Hot fiddles, cool temperatures draw crowds to state contest

Tim Backun and Monica Huff had heard good things about the Kansas State Fiddling and Picking Championships held annually in South Park.

Sunday afternoon they decided to hear it for themselves. So they found a good shade tree and kicked back to the sound of acoustic guitars, fiddles, mandolins and other musical instruments played by dozens of performers throughout the day.

"We've had a real good time," Backun, Lawrence, said. "There is a lot of good stuff to do and a lot of good music."

Backun also liked the family atmosphere of the event, which began Saturday night. He brought his two sons, Logan, 5, and Brady, 3, and two dogs.

"We thought it was a good thing to bring the kids to," Backun said.

Event organizers estimated that about 1,500 people gathered Sunday in the park to enjoy the music as well as food and drinks sold at nearby booths.

Most of those attending sat in lawn chairs or on the ground near the two stages. Others sprawled out on blankets and still others tossed Frisbees.

"Everything has gone well," said John Craft, one of the organizers of the event. "We've had good weather, good music, and the crowd seems pleased and cooperative. What more do you need?"

Scott and Kylee Sharp were attending their third Picking and Fiddling festival and they said it wouldn't be their last. The Lawrence couple also brought their 16-month-old son, Ethan.

"There is more of a sense of community here," Scott Sharp said.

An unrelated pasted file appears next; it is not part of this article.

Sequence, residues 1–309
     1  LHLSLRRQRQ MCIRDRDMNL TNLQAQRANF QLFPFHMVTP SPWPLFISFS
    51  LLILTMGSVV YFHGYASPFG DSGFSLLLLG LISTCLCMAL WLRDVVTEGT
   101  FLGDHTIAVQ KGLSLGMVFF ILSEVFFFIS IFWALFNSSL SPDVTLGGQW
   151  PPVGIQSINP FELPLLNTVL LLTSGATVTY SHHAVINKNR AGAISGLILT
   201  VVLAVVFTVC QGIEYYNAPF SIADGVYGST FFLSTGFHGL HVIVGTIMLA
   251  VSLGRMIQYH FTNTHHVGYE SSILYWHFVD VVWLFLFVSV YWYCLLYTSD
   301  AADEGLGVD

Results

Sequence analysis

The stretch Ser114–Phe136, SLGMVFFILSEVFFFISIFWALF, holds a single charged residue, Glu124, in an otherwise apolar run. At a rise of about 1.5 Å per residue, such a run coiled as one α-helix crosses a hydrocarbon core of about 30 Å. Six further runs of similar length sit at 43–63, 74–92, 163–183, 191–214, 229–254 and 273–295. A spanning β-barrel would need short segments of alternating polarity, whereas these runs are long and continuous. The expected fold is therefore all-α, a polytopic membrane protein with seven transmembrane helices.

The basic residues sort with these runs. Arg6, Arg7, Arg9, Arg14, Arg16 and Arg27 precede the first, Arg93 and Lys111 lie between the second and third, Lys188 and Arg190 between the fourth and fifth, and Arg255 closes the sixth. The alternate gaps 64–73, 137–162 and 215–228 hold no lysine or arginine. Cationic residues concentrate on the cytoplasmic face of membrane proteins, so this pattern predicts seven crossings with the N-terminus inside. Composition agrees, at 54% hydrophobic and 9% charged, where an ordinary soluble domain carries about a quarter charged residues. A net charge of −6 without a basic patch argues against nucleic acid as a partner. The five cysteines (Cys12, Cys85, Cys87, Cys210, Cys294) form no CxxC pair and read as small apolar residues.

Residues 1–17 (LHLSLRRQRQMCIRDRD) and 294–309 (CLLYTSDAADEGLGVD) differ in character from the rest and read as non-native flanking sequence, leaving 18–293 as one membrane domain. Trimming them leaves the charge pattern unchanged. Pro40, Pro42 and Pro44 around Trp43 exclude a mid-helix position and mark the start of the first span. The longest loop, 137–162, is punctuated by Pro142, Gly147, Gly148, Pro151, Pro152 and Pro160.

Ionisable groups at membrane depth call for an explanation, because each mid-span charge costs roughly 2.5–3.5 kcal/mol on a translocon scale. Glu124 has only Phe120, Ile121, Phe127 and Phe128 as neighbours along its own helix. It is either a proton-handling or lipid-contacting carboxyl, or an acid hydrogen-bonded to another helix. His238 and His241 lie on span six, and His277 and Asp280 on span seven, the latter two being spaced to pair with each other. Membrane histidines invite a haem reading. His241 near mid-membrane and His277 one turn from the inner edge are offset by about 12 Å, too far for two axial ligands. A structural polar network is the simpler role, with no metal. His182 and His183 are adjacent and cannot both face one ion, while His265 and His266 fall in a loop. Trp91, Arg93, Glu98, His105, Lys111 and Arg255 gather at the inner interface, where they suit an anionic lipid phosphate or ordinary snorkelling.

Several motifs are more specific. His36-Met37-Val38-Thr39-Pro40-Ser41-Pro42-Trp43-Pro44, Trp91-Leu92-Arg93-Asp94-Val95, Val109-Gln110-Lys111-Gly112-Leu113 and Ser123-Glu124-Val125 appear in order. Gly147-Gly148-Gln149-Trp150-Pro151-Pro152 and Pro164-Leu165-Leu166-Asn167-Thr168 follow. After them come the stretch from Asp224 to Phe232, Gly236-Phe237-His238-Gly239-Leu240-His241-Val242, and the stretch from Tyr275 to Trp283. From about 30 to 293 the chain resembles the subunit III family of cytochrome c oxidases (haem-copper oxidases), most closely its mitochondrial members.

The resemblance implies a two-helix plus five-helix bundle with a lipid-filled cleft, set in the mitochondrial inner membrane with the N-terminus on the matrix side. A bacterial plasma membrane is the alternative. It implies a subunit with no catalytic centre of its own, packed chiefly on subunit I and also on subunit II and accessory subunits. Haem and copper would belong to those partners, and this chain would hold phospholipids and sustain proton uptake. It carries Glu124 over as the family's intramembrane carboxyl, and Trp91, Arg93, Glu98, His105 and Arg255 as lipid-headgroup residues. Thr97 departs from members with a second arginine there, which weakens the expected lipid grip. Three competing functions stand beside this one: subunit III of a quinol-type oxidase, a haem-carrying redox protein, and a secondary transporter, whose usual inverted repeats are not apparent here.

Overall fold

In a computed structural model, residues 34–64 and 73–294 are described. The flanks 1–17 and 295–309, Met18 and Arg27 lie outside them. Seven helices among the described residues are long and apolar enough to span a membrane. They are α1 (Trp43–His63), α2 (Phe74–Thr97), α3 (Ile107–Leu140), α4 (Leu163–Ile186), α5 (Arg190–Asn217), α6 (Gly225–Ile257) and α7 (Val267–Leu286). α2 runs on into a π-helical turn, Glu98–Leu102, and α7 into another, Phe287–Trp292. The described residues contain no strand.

"The weather has been better than in past years," Kylee Sharp said.

Indeed. It was four years ago during the festival that the temperature hit a high of 109 degrees, Craft said. Last year the temperature was well into the 90s, he said. Sunday afternoon saw highs in the upper 80s.

While musicians performed and competed before the judges, others took their instruments elsewhere in the park to practice for their turn.

Michael Stratton, 39, Topeka, sat under a tree and strummed his acoustic guitar while waiting to be called to the stage. He planned to play a couple of pieces he wrote himself. But Sunday was the first time he would perform on stage by himself.

"I'm very nervous," he said. "My goal right now is just to get through it."

Stratton is more used to having help on stage because he plays with an electric band called Solo Dogs.

"That's where I'm more comfortable," he said. "I figure it's good to get a little uncomfortable sometimes."

Waiting near one of the stages for their turn to perform were Shon Showalter and his son, Jacob, 7, from Ottawa.

"He's going to play the mandolin and I'll back him up on the guitar," Shon Showalter said. "I'm more nervous than he is."

There were other father-and-son performances, as well. Ron Oliphant and his son, Matthew Oliphant, 8, from Chanute, were among them.

"He did pretty good," Ron Oliphant said of his son, after they left the stage.

The Oliphants had other family members there to perform, and Ron Oliphant also backed up a friend, Bubba Hopkins, 15, of Spavinaw, Okla. Hopkins said he planned to return to play next year.

Backun and Huff also plan to return next year to watch and listen.

"We'll take any reason to be outside with some music and food," said Huff, a KU senior from Burlington.


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